By Steve Mesa
“The Artist” made it cool again to make in a silent black-and-white movie in the 21st Century. However, the Oscar-winning film feels more like gimmick compare to how the format is used in “Blancanieves,” which is set in 1920s Spain. The film is also serviceable as a fantastic and imaginative retelling of the Snow White story compared to the abysmal “Snow White and the Huntsman” and the over-the-top ridiculousness that is “Mirror, Mirror.” While it keeps some of the iconography and characters from “Snow White” like the dwarves and the poison apple, director/writer Pablo Berger avoids using the fantastical elements of the fable in order to ground his film in reality. Continue Reading
By Steve Mesa
The natural assumption when one hears that a beloved horror classic is going to be remade is that it is going to be terrible just like “The Wicker Man” and “A Nightmare on Elm Street.” When it was announced that Sam Raimi’s 1981 horror classic “The Evil Dead” was going to be remade, fans of the movie and its sequels feared for the worse. With the original creators of the “Evil Dead” trilogy including Raimi and Bruce Campbell as producers and a relatively new filmmaker in the form of Fede Alvaraz, they have crafted a blood-soaked and relentless movie in the form of “Evil Dead.”
Instead of rehashing the original plot which involved young adults spending the weekend at an isolated cabin so they can party, “Evil Dead” has a more reality-based plot as five twenty-something friends who gather in a cabin in the woods in order to help Mia (Suburgatory’s Jane Levy), a recovering drug addict go cold turkey. The stuff really hits the fan when David and Eric make a grisly discovery in the cabin’s basement. Among the items found in the basement is an ancient book that is bound in human flesh and inked in human blood. Wrapped in a trash bag and barbed wire, Eric reads the words from the books that unwittingly unleashed an evil force upon his friends.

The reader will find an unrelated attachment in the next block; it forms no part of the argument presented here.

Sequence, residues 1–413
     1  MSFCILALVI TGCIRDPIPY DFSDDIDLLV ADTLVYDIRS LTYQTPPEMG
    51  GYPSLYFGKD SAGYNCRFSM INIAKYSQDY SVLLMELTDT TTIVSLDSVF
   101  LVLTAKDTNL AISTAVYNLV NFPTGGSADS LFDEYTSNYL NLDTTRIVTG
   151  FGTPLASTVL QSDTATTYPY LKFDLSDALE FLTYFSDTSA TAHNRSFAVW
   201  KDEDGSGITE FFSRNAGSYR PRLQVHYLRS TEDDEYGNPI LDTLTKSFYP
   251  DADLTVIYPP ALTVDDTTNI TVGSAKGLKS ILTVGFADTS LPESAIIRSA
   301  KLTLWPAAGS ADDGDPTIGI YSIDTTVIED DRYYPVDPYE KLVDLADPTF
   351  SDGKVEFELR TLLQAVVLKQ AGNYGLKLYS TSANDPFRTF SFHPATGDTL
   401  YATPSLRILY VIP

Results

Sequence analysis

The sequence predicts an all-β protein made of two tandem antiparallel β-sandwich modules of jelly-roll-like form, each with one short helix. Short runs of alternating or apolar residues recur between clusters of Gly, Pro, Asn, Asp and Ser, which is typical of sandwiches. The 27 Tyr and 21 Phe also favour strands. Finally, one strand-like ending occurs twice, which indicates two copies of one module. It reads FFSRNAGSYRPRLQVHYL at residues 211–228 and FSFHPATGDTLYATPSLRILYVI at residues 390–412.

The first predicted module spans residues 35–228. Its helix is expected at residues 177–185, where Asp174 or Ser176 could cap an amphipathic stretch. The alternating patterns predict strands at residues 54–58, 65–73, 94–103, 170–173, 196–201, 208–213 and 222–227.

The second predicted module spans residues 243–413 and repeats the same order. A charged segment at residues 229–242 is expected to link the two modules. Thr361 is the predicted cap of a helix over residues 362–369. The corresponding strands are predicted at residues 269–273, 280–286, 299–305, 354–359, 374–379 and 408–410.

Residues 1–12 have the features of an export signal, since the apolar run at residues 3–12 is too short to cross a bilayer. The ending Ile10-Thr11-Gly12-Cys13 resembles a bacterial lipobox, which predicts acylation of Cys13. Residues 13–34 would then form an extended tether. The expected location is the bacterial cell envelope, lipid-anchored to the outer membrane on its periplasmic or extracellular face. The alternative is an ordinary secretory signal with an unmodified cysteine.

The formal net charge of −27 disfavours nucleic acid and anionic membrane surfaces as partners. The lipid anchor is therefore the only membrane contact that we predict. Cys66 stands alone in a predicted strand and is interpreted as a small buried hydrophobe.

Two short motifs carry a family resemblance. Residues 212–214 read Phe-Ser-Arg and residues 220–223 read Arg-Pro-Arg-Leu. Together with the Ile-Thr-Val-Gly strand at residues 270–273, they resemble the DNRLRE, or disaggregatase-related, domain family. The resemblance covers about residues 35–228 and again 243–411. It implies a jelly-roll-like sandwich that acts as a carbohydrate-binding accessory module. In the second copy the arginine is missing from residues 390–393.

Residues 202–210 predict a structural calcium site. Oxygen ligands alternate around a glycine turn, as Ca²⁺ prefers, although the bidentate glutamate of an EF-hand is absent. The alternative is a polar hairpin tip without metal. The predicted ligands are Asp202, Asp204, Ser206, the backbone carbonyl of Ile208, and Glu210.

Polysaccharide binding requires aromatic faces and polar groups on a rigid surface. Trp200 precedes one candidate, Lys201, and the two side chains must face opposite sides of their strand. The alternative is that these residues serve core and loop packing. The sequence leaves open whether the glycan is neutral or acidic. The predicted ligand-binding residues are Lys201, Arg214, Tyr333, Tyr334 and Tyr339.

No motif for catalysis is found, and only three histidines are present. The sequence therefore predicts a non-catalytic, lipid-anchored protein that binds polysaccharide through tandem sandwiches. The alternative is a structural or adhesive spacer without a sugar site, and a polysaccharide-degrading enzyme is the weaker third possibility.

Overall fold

I had the opportunity to speak with Alvarez a couple of weeks ago when he was in town promoting his feature-length debut as we talked about tackling an already-established horror franchise, working with its creators and coming up with the look of the possessed. Continue Reading
By Steve Mesa
Sometimes, it does not feel good being bad. In “Wreck-It Ralph,” there is a sequence where classic video game villains like Zangief from “Street Fighter” and Bowser from “Super Mario Bros” attend a support group for bad guys and accept their roles as “villains” in their respective video game worlds.
However, Wreck-It Ralph (John C. Reily), the bad guy in a Donkey Kong-like arcade game titled “Fix-It Felix,” is tired of being overshadowed by the “good guy” in his game, Fix-It Felix (Jack McBrayer). His daily routine is wrecking the high-rise apartment with his massive hands and feet while Felix saves the day with his trusty golden hammer. The game is won when Felix fixes all the damages that have Ralph has done and Ralph is thrown off the roof of the building into a puddle of mud by the building residents, the Nicelanders. He is not even invited to the game’s 30th anniversary party that is being thrown by the Nicelanders. Determined to prove he can channel his inner-hero, Ralph leaves his game world in order to pursue heroic recognition in another game.
Disney pays tribute to both old and new video games by creating a unique and wonderful world where all the game personas know each other and congregate at Game Grand Central from Sonic the Hedgehog to Q*bert. The voice cast for “Wreck-It Ralph” is top-notch as each actor embodies their on-screen characters led by a terrific voice performance by John C. Reily in his first animated film as the angst-ridden, but lovable Ralph. Disney takes the safe route with a predictable and formulaic story laced with messages for their demographic like staying true to who they are and such. It also comes with a third act that is a little predictable as it does not take a rocket scientist to figure that all will be good by the time the end credits roll.